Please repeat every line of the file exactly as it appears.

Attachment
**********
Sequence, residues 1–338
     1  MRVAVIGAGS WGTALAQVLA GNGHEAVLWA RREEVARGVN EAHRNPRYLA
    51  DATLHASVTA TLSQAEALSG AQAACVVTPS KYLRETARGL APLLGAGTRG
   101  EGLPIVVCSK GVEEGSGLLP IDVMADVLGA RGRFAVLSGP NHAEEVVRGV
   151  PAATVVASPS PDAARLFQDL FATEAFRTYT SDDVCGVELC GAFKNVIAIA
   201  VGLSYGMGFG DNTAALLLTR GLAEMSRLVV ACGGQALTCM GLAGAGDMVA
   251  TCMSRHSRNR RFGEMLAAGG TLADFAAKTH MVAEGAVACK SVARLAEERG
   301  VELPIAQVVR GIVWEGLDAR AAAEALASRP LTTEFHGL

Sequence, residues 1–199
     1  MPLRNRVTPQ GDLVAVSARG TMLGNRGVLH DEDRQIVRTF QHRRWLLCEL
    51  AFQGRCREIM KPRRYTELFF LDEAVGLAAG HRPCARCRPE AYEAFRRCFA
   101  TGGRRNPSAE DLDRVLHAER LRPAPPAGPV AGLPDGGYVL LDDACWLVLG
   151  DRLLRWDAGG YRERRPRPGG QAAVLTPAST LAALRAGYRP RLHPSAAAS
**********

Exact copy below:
Sequence, residues 1–338
     1  MRVAVIGAGS WGTALAQVLA GNGHEAVLWA RREEVARGVN EAHRNPRYLA
    51  DATLHASVTA TLSQAEALSG AQAACVVTPS KYLRETARGL APLLGAGTRG
   101  EGLPIVVCSK GVEEGSGLLP IDVMADVLGA RGRFAVLSGP NHAEEVVRGV
   151  PAATVVASPS PDAARLFQDL FATEAFRTYT SDDVCGVELC GAFKNVIAIA
   201  VGLSYGMGFG DNTAALLLTR GLAEMSRLVV ACGGQALTCM GLAGAGDMVA
   251  TCMSRHSRNR RFGEMLAAGG TLADFAAKTH MVAEGAVACK SVARLAEERG
   301  VELPIAQVVR GIVWEGLDAR AAAEALASRP LTTEFHGL

Sequence, residues 1–199
     1  MPLRNRVTPQ GDLVAVSARG TMLGNRGVLH DEDRQIVRTF QHRRWLLCEL
    51  AFQGRCREIM KPRRYTELFF LDEAVGLAAG HRPCARCRPE AYEAFRRCFA
   101  TGGRRNPSAE DLDRVLHAER LRPAPPAGPV AGLPDGGYVL LDDACWLVLG
   151  DRLLRWDAGG YRERRPRPGG QAAVLTPAST LAALRAGYRP RLHPSAAAS